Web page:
Disciplinary Hearings - Due Process

Due process is defined as fairness when it comes to imposing penalties including fines on members of an association. Associations cannot levy fines and suspend privileges for rules violations (including continuing violations) unless due process has been followed. Elements of due process can be found in the Davis - Stirling Act and the California Corporations Code, while others are found in case law.

There are two parts to due process:

  • Substantive Due Process. This part of due process requires that decisions be reasonable and not arbitrary or capricious. The criteria for testing the reasonableness of an exercise of power by an association are (1) whether the reason is rationally related to the protection, preservation or proper operation of the property and the purposes of the association as set forth in its governing documents and (2) whether the power was exercised in a fair and nondiscriminatory manner.
  • Procedural Due Process. This part of due process requires that procedures used for determining violations and imposing penalties are fair. Elements of procedural due process include: (1) giving the accused notice of the alleged violation; (2) providing a reasonable opportunity for the person accused to defend themselves; (3) knowing the identity of the accuser and any witnesses; and (4) giving the accused an opportunity to examine and refute the evidence.

In order to assure that due process is followed, association boards should:

  • Adopt and publish Operating Rules also known as Rules & Regulations as needed.
  • Be aware that the procedure for imposing penalties or suspending membership privileges must be in the governing documents, and must be sent annually to all members.
  • Be aware that unless the association's governing documents provide for a longer notice period, the person accused of violating the rules must be given written notice of the violation and scheduled hearing date by personal delivery or first - class mail, at least 10 days prior to the meeting at which monetary penalties are imposed. If the governing documents specify a longer notice period, the longer period applies. For suspension of privileges, the notice must be at least 15 days prior to the hearing. Notices must be reasonably calculated to provide actual notice to the member. The notice must contain the following:
  • The date, time, and place of the hearing;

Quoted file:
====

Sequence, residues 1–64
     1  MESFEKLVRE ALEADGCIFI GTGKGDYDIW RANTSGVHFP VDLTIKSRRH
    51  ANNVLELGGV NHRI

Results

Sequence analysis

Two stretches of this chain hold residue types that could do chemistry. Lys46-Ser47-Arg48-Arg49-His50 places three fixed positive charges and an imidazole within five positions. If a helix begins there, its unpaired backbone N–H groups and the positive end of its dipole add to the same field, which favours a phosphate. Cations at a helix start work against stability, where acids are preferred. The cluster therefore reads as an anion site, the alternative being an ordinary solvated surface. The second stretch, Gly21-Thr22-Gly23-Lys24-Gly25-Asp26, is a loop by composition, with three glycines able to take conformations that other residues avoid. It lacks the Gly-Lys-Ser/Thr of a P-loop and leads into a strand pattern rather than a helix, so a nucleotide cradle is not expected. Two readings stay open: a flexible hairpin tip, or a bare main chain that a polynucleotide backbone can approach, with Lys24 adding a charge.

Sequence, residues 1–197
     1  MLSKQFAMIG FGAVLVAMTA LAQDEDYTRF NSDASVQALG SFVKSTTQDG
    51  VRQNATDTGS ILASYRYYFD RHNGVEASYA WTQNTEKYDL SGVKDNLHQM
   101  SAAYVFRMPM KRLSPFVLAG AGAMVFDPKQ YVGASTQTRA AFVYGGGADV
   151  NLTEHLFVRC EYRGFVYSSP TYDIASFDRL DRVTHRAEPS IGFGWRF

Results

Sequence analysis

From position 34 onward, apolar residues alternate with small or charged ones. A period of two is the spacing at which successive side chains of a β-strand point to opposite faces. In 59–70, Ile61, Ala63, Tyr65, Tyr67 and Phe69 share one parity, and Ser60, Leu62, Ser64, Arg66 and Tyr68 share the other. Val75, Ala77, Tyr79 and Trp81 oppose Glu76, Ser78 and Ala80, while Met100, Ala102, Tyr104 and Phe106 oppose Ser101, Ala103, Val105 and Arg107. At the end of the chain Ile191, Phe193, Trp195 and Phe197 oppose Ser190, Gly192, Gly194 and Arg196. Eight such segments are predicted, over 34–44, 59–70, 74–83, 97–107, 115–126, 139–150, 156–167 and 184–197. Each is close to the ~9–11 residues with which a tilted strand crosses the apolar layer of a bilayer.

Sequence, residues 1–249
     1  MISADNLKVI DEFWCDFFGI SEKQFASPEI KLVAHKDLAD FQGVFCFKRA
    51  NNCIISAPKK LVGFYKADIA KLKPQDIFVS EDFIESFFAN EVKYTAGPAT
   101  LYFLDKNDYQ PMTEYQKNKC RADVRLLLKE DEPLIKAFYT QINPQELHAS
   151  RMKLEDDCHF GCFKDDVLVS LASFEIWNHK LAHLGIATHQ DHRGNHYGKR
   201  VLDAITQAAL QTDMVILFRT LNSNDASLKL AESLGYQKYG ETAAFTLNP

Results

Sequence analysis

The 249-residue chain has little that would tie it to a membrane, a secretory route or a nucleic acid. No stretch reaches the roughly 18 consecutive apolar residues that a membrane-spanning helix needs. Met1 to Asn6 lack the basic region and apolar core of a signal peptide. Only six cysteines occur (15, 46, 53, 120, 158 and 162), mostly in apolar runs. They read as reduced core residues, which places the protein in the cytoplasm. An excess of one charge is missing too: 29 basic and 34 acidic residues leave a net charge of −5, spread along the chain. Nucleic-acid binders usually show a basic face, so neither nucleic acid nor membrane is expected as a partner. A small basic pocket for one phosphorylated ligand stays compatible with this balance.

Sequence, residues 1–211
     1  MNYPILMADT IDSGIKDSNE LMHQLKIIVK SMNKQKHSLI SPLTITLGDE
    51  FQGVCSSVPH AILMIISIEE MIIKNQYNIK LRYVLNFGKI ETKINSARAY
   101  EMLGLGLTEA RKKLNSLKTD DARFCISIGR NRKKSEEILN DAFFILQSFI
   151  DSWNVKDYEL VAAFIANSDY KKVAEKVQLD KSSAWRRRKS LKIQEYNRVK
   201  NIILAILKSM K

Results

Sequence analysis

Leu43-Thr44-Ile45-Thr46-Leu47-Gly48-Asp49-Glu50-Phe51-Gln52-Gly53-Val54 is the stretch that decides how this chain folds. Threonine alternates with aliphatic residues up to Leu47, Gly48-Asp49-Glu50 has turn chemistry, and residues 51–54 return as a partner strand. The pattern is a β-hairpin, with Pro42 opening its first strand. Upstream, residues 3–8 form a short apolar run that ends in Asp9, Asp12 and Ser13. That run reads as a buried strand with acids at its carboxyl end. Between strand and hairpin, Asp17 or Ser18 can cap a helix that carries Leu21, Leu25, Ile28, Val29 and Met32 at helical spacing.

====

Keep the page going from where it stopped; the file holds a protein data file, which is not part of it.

• The nature of the alleged violation for which a member may be disciplined; and
  • A statement that the member has a right to attend the hearing and present evidence in his or her defense.

There is no requirement that an association provide notice to a tenant of a violation hearing. If a member wants to notify his or her tenant, that is up the member to do so.

Disciplinary hearings must incorporate the following:

  • The accused has the right to know the identity of his or her accuser and must have an opportunity to examine and refute any evidence presented. This may include asking questions during the hearing. Members also have the right to submit their defense in writing rather than make an appearance before the board.
  • Members do not have a "right" to have an attorney represent them in disciplinary hearings. However, depending on the hearing model adopted by an association, an attorney could be present.
  • Disciplinary hearings should always be held in executive session.
  • The board should make "findings" to support the board's decision regarding the alleged violation. For example, the board records in its executive session minutes:

Notwithstanding that Mr. Jones denied the allegations, seven members of the association witnessed that he permitted his dog to run through the common area unleashed on four separate dates. The board voted to impose a fine of $250 against Mr. Jones.

The example findings demonstrate substantive due process by the association and that the fine is reasonably and rationally related to the operations of the association.

  • Name the witnesses. Unless the association's governing documents provide for a shorter notice period, notice of the board's decision must be provided by personal delivery or first - class mail within 15 days following the board's decision. The written decision must include the board's findings, as set forth in the minutes.

Associations should consider amending their CC&Rs and Operating Rules if they are inconsistent with explanation above.